The Verde Valley Humane Society “Pet of the Week” is “Leo,” a beautiful Chow mix. Leo is a well behaved boy with a manners and love for all. Leo’s adoption fee has been discounted by $40 thanks to a generous donation from Sparky and Dewey.
Sandra Trautman Verde Valley Humane Society
Last week I talked about needing foster parents for the multitude of kittens and puppies that will be heading our way.
Many of you have been in to fill out the paperwork and are excited about getting started with your babies.
I can't tell you how eager we are that so many of you are interesting in fostering these infants outside of a shelter environment.
Our Kitten 101 class that will also pertain to puppies will be held on Tuesday, May 5th at 6:00. It will be held here at the shelter located at 1502 W. Mingus.
This class is necessary to have a successful experience. No it won't guarantee that everything will turn out perfect, but it will give you the necessary information to make you well informed as to how to care for the babies.
People keep asking me, "When will the kitten season begin?" Oh it has, but it isn't in full swing yet. It won't be for another month or so.
For the next few weeks you will need to practice your skills in patience. Soon kittens will come in all colors, all sizes and each have a different personality all their own.
Being a foster parent will give you good insight as to what living with a cat is all about, just in case you are thinking about adopting a kitten.
It doesn't matter if you are going to foster or adopt, there is no fair way to put it other than a kitten can be a challenge.
They are going to need attention, lots of love and some training. Don't ever assume that because it is a cat that they can totally fend for themselves.
These precious creatures also need care, love and attention. They also need a human to help make their life fun and stimulating.
The good news is, the rewards you will receive from your kitten are worth all of the challenges that can come up.
All you have to do is teach your new furry friend the rules of the house. It will just take some of your time mixed with tons of patience.
Your hard work will pay off. As your cat matures using the skills you have given him he will be much more self sufficient.
No, that doesn't mean that at this stage he won't need attention. It just means he'll know the rules.
Even foster babies will need socialized and learn some rules of the house. The whole idea of fostering is to get the "kids" ready to live in a home without complications.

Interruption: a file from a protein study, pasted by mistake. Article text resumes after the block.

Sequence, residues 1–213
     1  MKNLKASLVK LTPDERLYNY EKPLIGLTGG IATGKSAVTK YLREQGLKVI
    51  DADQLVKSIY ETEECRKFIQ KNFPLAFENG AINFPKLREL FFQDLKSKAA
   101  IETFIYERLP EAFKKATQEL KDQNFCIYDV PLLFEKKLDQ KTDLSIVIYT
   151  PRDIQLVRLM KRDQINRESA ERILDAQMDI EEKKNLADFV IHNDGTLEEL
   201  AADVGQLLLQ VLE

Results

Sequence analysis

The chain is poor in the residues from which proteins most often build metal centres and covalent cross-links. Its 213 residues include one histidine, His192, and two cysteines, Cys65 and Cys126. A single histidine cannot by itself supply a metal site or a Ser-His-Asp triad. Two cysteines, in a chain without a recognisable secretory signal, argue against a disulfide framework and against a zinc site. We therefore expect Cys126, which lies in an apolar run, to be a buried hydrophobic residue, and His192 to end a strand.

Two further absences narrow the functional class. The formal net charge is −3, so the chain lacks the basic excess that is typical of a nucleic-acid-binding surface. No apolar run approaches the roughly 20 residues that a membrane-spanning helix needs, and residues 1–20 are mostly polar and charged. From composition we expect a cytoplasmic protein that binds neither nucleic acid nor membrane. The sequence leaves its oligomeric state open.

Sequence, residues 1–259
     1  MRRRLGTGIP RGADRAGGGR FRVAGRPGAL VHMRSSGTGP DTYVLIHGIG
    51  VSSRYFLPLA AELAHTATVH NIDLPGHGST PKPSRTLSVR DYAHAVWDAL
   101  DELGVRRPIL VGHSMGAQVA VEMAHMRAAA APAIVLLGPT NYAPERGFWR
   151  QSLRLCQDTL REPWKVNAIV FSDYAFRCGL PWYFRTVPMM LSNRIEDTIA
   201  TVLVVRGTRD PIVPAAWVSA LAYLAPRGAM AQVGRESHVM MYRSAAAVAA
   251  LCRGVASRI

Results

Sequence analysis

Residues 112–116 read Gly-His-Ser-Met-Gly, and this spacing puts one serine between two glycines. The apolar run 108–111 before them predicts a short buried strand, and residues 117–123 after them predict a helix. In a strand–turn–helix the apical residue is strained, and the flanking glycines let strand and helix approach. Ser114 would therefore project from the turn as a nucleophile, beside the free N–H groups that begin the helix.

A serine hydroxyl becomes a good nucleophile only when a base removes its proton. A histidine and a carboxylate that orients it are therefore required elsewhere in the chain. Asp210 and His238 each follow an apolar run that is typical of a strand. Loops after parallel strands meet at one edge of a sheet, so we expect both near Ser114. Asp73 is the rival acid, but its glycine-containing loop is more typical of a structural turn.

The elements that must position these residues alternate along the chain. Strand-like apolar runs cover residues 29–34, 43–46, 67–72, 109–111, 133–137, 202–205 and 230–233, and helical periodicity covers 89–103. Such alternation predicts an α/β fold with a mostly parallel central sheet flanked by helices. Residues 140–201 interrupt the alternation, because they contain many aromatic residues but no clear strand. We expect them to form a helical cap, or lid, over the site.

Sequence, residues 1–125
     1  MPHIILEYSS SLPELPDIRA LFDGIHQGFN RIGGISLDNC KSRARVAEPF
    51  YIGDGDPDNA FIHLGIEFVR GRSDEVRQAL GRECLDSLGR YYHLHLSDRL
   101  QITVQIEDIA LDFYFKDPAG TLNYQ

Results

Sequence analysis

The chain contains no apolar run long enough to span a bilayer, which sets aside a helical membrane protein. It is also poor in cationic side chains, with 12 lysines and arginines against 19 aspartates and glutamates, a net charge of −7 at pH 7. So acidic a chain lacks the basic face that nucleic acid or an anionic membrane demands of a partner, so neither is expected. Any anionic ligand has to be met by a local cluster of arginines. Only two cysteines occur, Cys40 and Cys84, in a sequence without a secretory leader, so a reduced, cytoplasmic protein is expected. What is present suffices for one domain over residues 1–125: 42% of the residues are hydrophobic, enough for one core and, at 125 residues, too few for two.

Now remember, puppies and kittens won't have manners until you help them out a little. It's not a bad thing; we had to do the same thing with our children.
When you get young animals, I believe that it's important to know sort of what to expect happen when you take your new kitten home.
It's going to be fun and exciting, plus you have just guaranteed your family a lifetime of laughs and love.
Now I would like to share some of the stages of life you never see when you adopt from VVHS. As a foster parent you will experience many of the stages you have never seen before.
Our kittens are placed for adoption after they are weaned from their mother and eating on their own, so things have already been handled during the "newborn stage."
I am also sharing what to expect during the stages you will see after adopting your new best friend.
The first six weeks of life
A kitten of this age depends totally on its mother and should be with her at all times. They are under the constant watchful eye of mom.
Many times this is when a foster parent is needed so desperately. The kittens come in without a mother and need someone to replace her to the best of their ability.
Up until the age of two weeks, these tiny creatures can't see or hear. They can smell somewhat, which is the way they locate their mothers to nurse.
These animals at VVHS are isolated from the public during this period. They need the special care that only mom can provide under ideal circumstances.
At birth kittens normally weigh in between 75-120 grams. By the end of the first month, they will gain about 400 grams.
Socialization should begin during this period of growth. The level of comfort that a cat has with humans is formed at this time.
By the age of six weeks contact your vet to see what age is normally recommended to begin vaccinations, plus a health checkup is in order. You will also find out at what age your vet will want to spay/neuter your kitten.
"Social play" starts and now the fun begins. Rough housing with littermates, biting at mom's tail and ears, pouncing and hiding all become part of the daily routine.